The ‘isn’t this exciting’ announcement – a mistake
The test appeared to be announced in a sort ‘here’s some great new science, isn’t it exciting’ sort of way at the Bradford Science Festival. There had to be a better way.

Get better at communicating – fast!

The Hands off Mother Earth campaign is rather brilliant, simple, clear, compelling, all the tricks of the trade.  I am glad they are there, though they are sometimes a bit ranty for me.  However, the communications is great.  But it sits in a vacuum of communication from the ‘other side’.  For the public, other stakeholders and people like me who may be wanting to know what others think but can’t find anything sensible except a boring thing in wikipedia.  Get with it people or the issues will be polarised and the ‘battle’ for public opinion won before you know what’s hit you!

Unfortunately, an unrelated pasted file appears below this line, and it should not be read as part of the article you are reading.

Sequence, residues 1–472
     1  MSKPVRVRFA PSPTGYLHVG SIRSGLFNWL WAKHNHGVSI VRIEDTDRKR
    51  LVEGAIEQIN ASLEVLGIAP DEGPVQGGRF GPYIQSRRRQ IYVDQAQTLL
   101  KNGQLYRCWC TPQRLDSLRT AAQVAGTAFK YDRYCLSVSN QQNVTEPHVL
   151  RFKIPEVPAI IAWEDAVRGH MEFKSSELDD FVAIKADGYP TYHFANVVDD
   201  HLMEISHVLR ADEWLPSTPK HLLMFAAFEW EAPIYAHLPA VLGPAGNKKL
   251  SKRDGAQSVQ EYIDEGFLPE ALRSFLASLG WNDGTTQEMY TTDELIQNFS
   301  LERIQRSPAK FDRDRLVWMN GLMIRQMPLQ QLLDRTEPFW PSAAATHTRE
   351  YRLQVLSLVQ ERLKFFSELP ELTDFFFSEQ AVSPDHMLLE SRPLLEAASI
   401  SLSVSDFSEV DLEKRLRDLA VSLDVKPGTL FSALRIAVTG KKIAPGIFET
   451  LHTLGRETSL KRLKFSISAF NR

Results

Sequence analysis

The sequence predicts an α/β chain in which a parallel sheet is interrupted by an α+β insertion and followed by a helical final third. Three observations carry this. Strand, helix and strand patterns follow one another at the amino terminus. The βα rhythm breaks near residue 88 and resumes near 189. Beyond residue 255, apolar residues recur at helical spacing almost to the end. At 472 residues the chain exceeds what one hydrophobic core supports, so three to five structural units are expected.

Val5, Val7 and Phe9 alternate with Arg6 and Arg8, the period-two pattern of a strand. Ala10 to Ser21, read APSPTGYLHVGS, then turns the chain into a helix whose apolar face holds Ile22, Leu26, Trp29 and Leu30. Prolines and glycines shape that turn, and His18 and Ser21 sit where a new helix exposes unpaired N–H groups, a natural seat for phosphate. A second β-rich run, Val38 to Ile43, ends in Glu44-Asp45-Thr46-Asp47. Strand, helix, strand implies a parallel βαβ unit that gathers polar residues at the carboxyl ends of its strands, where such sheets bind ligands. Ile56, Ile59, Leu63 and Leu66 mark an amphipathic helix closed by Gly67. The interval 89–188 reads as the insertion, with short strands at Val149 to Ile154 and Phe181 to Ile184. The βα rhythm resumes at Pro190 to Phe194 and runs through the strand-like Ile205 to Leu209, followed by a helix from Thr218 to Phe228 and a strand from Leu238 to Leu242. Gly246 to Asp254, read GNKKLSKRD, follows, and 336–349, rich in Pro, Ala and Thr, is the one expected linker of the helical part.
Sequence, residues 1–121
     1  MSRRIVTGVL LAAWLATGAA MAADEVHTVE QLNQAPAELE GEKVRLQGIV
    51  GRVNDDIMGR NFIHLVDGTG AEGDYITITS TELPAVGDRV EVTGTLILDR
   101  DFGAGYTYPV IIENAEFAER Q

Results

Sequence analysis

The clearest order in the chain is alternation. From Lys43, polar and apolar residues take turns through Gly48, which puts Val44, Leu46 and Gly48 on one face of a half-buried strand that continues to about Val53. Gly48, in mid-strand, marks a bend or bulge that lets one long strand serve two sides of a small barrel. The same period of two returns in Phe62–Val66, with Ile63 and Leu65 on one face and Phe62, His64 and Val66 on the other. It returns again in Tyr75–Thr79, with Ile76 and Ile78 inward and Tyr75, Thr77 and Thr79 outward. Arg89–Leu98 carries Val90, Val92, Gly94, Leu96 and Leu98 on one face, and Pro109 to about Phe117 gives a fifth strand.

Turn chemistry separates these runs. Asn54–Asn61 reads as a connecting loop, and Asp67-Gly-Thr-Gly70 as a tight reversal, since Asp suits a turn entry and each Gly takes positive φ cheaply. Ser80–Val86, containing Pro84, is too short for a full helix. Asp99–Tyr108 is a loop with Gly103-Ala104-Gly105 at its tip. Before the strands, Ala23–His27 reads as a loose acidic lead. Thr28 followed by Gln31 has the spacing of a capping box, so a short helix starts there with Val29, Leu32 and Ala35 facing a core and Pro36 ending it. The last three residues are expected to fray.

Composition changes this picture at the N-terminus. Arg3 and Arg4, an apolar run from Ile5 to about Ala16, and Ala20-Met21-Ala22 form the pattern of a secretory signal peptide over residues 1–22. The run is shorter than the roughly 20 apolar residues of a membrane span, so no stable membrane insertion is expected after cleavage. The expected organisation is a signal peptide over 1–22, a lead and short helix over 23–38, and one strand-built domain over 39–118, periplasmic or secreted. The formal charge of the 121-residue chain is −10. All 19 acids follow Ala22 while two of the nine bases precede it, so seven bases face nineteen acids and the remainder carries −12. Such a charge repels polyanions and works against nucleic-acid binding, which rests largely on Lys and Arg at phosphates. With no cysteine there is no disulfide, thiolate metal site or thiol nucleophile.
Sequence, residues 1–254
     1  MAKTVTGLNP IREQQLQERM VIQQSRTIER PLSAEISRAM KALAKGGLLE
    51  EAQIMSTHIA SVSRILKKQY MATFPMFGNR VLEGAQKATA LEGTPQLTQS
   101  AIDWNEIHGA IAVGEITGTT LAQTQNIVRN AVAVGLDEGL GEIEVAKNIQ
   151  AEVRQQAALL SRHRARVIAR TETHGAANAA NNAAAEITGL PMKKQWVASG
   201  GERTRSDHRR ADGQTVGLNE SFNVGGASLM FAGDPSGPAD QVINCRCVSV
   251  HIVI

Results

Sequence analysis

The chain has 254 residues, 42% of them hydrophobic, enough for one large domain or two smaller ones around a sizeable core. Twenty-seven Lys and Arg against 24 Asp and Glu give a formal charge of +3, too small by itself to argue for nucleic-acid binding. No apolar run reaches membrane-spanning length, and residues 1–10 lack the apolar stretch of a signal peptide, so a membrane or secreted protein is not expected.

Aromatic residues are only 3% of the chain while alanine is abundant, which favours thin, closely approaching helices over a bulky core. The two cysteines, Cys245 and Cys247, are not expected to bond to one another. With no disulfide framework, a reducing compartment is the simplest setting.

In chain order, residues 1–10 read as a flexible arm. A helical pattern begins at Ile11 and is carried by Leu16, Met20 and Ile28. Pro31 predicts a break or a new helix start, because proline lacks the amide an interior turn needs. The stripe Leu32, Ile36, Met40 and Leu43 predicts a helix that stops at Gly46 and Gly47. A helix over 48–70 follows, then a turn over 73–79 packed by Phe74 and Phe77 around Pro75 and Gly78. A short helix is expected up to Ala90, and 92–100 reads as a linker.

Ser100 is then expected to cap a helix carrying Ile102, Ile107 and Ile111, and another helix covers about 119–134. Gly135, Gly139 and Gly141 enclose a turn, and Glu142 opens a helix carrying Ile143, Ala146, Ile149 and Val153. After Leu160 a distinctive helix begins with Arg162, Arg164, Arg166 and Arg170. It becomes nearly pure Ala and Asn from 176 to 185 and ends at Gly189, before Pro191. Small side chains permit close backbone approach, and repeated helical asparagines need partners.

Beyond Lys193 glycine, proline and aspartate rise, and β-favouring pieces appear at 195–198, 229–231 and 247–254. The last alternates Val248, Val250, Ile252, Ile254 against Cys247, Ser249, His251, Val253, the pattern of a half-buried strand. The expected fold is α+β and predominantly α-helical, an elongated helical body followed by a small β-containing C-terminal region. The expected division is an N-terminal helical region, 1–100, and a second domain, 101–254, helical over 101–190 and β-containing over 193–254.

Now what?
The test is postponed for what I understand is ‘more consultation’!  Consulting who, about what, for what purpose, with what aim?  Oh dear here we go again!

FYI – My views on Geoengineering
Finally, I better say that I am certainly not pro geoeng, it could easily be a distraction from doing the hard stuff, a quick fix and a potentially catastrophically bad idea.

However, I consider that we may have really messed up this time and might need all the help we can get, including scary technologies, so some sort of understanding of what may or may not work may be valuable.

On the other hand again, I really can’t see how we will have enough information to understand the potential effects of any Geoeng interventions to give them the green light at any stage given our past history of good intentions which turn bad.

One Response to “Views on Geoengineering cock up”

  1. [...] am actually still pretty happy with the conclusions mentioned in my original post called ‘Views on Geoengineering Cock Up’  and which are not a million miles away from their conclusions, but would like to make a few [...]